Innovation

Microsoft's Coco Framework aims to make blockchain easier to use for business

The Coco Framework is an open source system that allows businesses to build scalable, secure blockchain networks and better leverage the technology to get work done.

Coco, a new open source framework from Microsoft, could make it easier for businesses to properly utilize the power of the blockchain, the company announced in a blog post on Thursday. The ultimate aim of Coco, the post said, is to accelerate the enterprise use of blockchain in production systems.

"A growing number of enterprises are investing in blockchain as a secure and transparent way to digitally track the ownership of assets across trust boundaries and to collaborate on shared business processes, opening up new opportunities for cross-organizational collaboration and imaginative new business models," the post said.

Traditional blockchain technologies and similar ledgers are designed to operate in the public eye for maximum transparency, the post said. While that is essential to maintaining the integrity of these public blockchains, it creates scalability and confidentiality problems for the enterprise.

SEE: The executive's guide to implementing blockchain technology (PDF download)

The Coco Framework looks to address these problems by "designing specifically for confidential consortiums," the post said. With Coco, nodes are declared and controlled, and standard blockchain protocols are used alongside trusted execution environments, cryptography, and distributed systems, the post said.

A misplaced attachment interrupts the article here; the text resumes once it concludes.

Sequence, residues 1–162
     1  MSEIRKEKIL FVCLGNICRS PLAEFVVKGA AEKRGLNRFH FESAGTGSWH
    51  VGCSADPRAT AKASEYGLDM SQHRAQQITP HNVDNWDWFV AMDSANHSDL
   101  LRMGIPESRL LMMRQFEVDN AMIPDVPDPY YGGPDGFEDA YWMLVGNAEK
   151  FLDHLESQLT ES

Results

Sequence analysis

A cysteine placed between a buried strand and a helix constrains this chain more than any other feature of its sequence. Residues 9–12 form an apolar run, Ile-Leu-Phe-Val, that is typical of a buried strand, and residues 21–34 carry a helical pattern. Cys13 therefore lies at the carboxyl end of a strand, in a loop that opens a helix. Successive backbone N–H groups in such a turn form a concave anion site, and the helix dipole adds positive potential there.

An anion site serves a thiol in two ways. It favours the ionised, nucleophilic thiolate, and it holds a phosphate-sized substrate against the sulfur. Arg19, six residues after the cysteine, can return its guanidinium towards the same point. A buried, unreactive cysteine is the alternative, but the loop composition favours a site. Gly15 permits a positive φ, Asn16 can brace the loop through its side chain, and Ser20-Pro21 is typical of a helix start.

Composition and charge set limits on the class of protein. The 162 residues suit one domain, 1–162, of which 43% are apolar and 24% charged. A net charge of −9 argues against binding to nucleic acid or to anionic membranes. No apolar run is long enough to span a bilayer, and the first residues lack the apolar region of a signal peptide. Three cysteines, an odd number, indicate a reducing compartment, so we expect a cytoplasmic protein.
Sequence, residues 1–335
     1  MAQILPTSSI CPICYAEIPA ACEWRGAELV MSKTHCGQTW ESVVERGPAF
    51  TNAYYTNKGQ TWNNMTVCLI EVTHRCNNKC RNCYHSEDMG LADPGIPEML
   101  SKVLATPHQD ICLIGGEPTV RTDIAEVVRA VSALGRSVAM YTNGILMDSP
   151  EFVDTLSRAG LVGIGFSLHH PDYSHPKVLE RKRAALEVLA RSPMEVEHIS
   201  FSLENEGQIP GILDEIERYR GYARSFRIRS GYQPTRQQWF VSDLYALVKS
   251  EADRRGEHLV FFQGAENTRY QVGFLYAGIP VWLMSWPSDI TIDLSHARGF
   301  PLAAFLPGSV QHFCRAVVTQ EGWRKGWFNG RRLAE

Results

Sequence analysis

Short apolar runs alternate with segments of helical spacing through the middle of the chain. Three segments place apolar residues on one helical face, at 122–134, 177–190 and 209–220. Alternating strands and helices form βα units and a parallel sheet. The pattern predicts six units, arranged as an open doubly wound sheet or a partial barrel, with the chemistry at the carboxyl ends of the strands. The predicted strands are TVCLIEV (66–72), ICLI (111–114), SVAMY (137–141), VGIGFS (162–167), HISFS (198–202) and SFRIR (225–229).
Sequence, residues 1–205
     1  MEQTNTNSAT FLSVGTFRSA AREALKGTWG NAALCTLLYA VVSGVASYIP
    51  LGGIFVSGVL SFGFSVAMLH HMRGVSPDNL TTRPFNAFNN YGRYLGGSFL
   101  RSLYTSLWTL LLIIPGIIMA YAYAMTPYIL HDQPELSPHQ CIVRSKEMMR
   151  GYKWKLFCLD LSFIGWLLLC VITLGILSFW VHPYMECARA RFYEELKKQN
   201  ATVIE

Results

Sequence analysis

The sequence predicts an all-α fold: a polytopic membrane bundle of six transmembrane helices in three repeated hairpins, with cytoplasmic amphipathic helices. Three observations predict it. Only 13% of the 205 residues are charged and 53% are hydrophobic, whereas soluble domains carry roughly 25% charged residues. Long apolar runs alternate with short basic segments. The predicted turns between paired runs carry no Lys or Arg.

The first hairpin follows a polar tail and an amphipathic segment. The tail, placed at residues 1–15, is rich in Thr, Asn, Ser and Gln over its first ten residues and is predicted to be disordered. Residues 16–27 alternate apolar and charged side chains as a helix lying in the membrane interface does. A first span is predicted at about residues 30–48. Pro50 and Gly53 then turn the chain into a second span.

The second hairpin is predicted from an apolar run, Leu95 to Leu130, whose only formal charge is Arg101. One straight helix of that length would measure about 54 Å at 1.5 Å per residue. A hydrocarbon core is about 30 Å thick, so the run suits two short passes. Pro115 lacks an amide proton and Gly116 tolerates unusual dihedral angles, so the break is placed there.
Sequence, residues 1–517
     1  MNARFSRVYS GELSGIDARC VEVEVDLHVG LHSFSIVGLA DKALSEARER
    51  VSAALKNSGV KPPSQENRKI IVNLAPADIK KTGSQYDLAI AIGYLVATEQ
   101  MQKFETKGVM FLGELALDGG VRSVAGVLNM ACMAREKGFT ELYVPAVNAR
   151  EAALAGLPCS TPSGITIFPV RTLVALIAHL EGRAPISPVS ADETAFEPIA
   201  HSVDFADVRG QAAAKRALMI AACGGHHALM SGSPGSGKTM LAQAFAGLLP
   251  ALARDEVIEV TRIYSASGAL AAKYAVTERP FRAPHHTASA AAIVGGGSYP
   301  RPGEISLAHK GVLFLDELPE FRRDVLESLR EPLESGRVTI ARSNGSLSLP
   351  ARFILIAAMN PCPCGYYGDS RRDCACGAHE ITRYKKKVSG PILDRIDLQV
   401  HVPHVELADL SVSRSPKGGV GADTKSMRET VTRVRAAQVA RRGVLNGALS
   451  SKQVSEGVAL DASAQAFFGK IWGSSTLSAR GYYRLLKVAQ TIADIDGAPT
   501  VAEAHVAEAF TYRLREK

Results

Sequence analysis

Speed and scalability are a focus for Coco, offering throughput and latency that is close to database speeds, the post claimed. The framework offers additional, flexible confidentiality models, distributed governance-based network policy management, and nondeterministic transaction support.

Coco, itself, isn't a ledger. Instead, it offers key tools and features to make ledgers more business-friendly. It also offers integrations with existing ledgers such as Ethereum, Quorum, Hyperledger Sawtooth, and Corda.

"Coco will be compatible, by design, with any ledger protocol and can operate in the cloud and on premises, on any operating system and hypervisor that supports a compatible TEE," the post said. "We are building in this flexibility in part to allow the community to integrate Coco with additional protocols, try it on other hardware and adapt it for enterprise scenarios we haven't yet thought of."

Microsoft has been working on blockchain initiatives for quite some time, including its blockchain as a service partnership with the R3 banking consortium. The Redmond giant has also experimented with blockchain to fight human trafficking, and as a means of creating a global ID system.

The source code for Coco will be given to the open source community in early 2018, the post said.

The 3 big takeaways for TechRepublic readers

  1. Microsoft's open source Coco Framework helps businesses build more confidential and scalable blockchain tools and services.
  2. While not a ledger itself, Coco integrates with Ethereum, Quorum, Hyperledger Sawtooth, and Corda.
  3. Coco's source code will be available to the open source community in 2018.

Also see

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Image: iStockphoto/suphakit73

About Conner Forrest

Conner Forrest is a Senior Editor for TechRepublic. He covers enterprise technology and is interested in the convergence of tech and culture.

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